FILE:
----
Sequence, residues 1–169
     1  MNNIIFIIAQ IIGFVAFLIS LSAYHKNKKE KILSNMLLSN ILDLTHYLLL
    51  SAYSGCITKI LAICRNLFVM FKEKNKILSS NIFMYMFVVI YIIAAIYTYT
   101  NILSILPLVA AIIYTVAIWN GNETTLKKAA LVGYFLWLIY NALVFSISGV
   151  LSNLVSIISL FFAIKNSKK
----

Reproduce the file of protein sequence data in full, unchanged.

Sequence, residues 1–169
     1  MNNIIFIIAQ IIGFVAFLIS LSAYHKNKKE KILSNMLLSN ILDLTHYLLL
    51  SAYSGCITKI LAICRNLFVM FKEKNKILSS NIFMYMFVVI YIIAAIYTYT
   101  NILSILPLVA AIIYTVAIWN GNETTLKKAA LVGYFLWLIY NALVFSISGV
   151  LSNLVSIISL FFAIKNSKK